[Updated 17/06] PARIS – This Thursday, June 16, the United Nations Human Rights Council met in Geneva, Switzerland for two meetings during an all-day session on women’s rights.
The annual meeting, which has produced key documents and resolutions in the past, was visited by women’s rights ambassadors, business leaders, and politicians.
In the event’s opening statements, Baroness Anelay, Minister of State for the Foreign and Commonwealth Office in the UK, said that “the strongest, safest, and most prosperous societies” are those in which women are able to participate fully, a sentiment echoed by many activists and social scientists.
She continued to outline the objectives of the meeting, including developing objectives to reduce sexual violence, increase workplace and social equality between men and women, and increasing female personal autonomy.
The issue of women’s rights is particularly relevant in the Middle East and North Africa, where repression of women is high relative to Europe and North America. The United Nations views progress of women’s rights is an important benchmark for social development, and the meeting in Geneva is one of its major yearly events regarding women’s rights.
Farideh Karimi, president of the Association internationale pour les droits des femmes (WHRIA) and an Iranian citizen, spoke with us regarding U.N. Women’s annual meeting, specifically about women’s rights in Iran.
“As a Muslim woman I would like to emphasize that one of the main challenges for women is religious fundamentalism, which began when Khomeini took power in 1979. Since this period there has been a global threat to women in all Islamic countries.”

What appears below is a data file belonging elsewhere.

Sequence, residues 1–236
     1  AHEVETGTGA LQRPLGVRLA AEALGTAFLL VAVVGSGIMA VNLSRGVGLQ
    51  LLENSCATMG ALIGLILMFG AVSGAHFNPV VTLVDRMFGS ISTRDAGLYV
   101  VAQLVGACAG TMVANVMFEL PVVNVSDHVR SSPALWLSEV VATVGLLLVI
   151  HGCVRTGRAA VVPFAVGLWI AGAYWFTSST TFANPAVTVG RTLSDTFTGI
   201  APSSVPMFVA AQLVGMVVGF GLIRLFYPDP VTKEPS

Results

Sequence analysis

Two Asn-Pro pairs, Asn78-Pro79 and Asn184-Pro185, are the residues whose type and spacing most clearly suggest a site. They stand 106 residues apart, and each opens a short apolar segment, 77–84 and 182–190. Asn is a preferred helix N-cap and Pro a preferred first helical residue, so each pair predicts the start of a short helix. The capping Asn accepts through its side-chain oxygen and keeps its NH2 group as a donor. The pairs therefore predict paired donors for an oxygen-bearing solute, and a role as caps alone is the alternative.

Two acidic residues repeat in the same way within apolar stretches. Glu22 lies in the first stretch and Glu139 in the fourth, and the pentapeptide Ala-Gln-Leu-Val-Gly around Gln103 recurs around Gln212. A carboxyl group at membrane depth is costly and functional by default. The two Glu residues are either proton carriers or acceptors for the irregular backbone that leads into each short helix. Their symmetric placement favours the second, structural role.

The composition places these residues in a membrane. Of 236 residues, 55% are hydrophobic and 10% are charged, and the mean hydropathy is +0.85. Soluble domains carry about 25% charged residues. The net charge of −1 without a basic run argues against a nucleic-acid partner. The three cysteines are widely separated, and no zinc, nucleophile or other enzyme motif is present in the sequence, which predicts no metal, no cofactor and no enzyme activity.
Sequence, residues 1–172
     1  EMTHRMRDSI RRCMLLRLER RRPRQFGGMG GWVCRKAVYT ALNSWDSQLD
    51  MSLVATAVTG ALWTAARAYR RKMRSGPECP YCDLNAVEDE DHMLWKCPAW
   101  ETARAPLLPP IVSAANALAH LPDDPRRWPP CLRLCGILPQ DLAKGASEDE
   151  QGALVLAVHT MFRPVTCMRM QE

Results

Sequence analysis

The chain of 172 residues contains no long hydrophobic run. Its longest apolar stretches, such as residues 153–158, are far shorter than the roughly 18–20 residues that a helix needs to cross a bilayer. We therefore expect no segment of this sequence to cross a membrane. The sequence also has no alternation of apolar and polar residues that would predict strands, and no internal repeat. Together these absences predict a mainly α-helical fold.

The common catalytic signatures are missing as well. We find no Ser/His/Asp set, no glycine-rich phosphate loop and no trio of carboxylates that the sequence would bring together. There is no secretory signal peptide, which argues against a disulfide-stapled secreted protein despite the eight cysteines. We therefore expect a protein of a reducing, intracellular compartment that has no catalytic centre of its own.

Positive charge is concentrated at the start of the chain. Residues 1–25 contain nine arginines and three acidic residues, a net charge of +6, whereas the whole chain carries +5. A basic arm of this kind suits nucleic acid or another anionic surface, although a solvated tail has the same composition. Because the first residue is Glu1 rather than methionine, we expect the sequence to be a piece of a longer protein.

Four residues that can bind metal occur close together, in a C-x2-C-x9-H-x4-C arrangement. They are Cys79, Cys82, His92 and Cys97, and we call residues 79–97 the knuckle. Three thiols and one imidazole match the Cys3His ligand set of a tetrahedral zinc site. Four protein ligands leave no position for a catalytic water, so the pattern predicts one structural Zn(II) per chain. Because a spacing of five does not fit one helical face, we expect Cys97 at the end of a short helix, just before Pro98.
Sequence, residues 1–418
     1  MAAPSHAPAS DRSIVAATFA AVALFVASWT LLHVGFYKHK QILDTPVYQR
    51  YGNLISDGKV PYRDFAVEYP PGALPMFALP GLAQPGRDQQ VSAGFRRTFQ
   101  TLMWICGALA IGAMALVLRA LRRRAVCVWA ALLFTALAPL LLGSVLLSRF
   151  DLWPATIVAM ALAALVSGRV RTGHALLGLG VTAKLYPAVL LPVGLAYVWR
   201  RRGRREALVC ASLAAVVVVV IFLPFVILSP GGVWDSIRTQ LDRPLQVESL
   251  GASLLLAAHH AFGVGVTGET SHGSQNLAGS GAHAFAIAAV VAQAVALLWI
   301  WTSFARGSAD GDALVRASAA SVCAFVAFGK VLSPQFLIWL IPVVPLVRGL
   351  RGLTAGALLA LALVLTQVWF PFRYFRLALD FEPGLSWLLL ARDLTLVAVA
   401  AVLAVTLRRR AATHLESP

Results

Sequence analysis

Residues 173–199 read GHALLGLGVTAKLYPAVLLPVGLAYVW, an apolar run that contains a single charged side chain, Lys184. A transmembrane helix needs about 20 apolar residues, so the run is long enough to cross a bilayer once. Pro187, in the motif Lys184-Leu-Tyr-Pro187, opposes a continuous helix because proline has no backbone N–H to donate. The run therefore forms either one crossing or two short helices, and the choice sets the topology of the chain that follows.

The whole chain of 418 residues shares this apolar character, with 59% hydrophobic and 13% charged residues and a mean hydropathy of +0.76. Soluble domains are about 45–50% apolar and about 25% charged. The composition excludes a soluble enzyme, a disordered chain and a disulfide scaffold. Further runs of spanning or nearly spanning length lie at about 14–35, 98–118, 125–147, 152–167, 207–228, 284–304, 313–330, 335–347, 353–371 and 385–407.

“This way of thinking is a main factor preventing women’s progress, and there is no expectation for any real change until there is no longer a fundamentalist regime in Iran with Velayat- e- fagih ideology”.
Previous key achievements of the annual meeting include the development of a 2007 resolution to further integrate women’s rights into U.N. member state objectives, and a 2014 resolution to create a multi-state project to promote women’s rights.
There is a long history of global conferences for women within the U.N. The organization’s support for women was established in its charter, and it has consistently emphasized the cultivation of women’s rights on the basis of sexual equality.
In 1995, the Fourth World Conference on Women in Beijing, China asserted that women’s rights are human rights and developed actionable goals to promote equality for women. Women’s rights figured importantly in the drafting of the U.N.’s Millennium Development Goals. In 2010, the four previous U.N. women’s rights groups merged into one, the UN Entity for Gender Equality and the Empowerment of Women, or UN Women.
The group has devoted particular attention to the issue of sexual equality in the Middle East.